Matthew 11 provides an interesting example of Christ's thankfulness and praise. The context begins with the disappointing breakdown of John the Baptist's faith (verses 2-3) and the people's discontent with both John's solemn message and Christ's more joyous one (verses 16-19). Then follows the stubborn resistance to Christ's preaching in cities highly favored to receive His attention (verses 20-24). It seems as though everything is working against Him, but what is His reaction?
At that time Jesus answered and said, "I thank You, Father, Lord of heaven and earth, because You have hidden these things from the wise and prudent and have revealed them to babes. Even so, Father, for so it seemed good in Your sight." (Matthew 11:25-26; Luke 10:21)
Jesus rejoiced in a thankful spirit even though, from a human point of view, it did not seem logical and right. In Jesus, God presents submission to us in its purist form. Even though "He made the worlds" (Hebrews 1:2), He thankfully and joyously bowed to the will of the Lord of heaven and earth.
John W. Ritenbaugh
Sovereignty and Its Fruit: Part Ten
What are the children of wisdom? Good works and good fruit. Whether what we do is wise or foolish is seen in the fruit we bear and in what we accomplish. An alcoholic produces sorrow for himself and his family, battered wives and children, poor health, and a shorter life. A glutton produces a bad example for his family and his brethren, poverty, poor health, and eventually death. We must control our desires because excess desire is the driving force behind gluttony. When we lose control of it, we sin, feeding the god that is in our belly, the god of excess, the god of too much, too fast, too eagerly.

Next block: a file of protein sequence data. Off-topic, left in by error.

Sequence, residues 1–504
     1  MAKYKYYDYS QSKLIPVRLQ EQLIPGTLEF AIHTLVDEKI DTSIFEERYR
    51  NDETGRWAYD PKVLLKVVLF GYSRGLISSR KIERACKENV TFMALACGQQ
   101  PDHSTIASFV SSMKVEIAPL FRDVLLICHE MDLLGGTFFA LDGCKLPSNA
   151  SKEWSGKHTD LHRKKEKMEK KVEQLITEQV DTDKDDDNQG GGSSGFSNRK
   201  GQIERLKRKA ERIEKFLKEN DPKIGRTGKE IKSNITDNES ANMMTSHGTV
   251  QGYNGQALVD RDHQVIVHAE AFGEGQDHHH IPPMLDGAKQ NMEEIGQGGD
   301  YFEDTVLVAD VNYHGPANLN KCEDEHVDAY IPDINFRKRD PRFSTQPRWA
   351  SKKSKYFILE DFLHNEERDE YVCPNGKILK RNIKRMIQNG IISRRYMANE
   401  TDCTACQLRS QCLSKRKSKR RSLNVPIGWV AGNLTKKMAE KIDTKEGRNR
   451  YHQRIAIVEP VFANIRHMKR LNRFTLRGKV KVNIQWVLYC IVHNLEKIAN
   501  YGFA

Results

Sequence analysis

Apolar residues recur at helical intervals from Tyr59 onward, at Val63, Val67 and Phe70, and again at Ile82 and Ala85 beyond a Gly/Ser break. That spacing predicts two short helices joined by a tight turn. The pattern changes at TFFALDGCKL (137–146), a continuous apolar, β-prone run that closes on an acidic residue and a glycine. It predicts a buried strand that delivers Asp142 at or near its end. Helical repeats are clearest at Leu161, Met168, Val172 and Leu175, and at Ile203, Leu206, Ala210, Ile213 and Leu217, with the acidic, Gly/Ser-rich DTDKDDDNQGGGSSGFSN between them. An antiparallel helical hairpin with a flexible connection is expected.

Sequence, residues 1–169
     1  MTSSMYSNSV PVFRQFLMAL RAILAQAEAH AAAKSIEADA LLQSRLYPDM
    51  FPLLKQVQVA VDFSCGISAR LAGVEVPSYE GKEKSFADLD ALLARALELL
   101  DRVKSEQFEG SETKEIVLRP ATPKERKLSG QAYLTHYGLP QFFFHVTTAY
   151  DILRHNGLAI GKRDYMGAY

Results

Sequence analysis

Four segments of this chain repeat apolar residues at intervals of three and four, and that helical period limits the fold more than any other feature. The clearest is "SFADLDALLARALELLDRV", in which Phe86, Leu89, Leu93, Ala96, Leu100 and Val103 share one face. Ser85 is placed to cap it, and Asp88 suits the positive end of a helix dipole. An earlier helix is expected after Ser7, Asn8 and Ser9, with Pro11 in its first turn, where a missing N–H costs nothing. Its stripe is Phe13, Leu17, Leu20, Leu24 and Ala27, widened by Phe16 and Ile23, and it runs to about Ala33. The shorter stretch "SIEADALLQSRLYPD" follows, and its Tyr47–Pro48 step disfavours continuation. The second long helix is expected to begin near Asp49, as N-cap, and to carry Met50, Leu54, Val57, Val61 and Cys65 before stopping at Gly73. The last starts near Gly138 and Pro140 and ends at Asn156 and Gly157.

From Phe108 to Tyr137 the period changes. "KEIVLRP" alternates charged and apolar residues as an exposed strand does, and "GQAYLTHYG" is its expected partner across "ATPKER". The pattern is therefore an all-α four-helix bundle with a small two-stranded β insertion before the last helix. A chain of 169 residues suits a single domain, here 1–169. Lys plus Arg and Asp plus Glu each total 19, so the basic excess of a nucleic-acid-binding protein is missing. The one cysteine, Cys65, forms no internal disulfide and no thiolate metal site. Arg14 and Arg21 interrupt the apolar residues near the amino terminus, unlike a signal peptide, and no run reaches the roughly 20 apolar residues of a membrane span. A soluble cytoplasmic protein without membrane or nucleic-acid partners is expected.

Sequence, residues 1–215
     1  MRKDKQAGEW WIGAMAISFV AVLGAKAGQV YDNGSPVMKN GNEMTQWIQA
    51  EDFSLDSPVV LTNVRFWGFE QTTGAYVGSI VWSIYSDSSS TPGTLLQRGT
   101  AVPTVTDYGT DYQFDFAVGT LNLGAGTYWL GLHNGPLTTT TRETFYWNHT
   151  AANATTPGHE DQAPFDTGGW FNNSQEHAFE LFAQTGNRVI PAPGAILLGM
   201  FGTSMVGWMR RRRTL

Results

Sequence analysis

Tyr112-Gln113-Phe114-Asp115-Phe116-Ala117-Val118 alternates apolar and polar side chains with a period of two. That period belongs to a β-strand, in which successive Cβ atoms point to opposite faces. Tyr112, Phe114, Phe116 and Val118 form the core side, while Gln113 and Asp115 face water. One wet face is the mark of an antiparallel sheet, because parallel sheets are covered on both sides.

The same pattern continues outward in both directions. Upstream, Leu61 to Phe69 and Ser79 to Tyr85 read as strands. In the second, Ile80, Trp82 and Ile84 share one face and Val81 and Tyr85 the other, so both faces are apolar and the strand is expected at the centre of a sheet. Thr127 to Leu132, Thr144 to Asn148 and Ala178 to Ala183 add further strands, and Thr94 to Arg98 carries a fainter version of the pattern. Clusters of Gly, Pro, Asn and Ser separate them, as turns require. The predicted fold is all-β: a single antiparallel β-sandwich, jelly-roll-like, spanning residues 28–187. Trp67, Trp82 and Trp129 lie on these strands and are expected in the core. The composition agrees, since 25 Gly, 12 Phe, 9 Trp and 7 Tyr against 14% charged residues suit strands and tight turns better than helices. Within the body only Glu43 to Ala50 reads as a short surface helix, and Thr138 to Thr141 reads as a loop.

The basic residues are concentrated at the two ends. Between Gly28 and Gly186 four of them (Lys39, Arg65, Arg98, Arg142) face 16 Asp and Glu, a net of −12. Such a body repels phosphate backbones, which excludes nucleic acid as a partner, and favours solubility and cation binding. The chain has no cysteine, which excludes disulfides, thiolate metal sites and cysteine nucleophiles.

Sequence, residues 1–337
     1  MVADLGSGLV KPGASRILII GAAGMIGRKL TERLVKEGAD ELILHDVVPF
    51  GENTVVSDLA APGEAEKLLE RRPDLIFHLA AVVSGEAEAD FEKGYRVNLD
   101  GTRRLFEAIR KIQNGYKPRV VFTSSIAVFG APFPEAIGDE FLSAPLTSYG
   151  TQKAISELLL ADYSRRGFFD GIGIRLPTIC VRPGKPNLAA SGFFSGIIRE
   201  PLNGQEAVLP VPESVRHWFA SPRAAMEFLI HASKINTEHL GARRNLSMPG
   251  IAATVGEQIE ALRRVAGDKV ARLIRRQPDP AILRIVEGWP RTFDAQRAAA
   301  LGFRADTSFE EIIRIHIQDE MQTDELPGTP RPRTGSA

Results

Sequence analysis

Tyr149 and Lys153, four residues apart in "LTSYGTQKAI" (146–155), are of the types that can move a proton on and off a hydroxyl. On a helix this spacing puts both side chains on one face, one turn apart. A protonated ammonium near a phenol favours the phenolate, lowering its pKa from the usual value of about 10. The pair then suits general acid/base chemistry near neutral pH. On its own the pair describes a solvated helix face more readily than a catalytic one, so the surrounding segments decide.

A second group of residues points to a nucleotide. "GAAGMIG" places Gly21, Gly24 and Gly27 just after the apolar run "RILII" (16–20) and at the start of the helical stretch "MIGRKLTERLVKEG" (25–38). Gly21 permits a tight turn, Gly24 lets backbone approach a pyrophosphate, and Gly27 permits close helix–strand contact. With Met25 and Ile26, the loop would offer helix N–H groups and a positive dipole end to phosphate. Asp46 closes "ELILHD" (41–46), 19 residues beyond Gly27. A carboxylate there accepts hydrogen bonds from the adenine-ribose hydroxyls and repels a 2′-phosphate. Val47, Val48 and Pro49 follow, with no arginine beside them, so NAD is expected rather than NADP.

Another interpretation of "wisdom is justified by her children" is that those who follow the wisdom from above recognize and live their lives based on truth. By their example in living wisely and righteously, they justify, prove, that it is the right and reasonable way to live. The way the wise live destroys the credibility of false accusations. Avoiding gluttony is one way to show that we are living in wisdom. The foolish—the opposite of the wise—tend toward gluttony.
Martin G. Collins
Gluttony: Sin of Lust and Greed (Part One)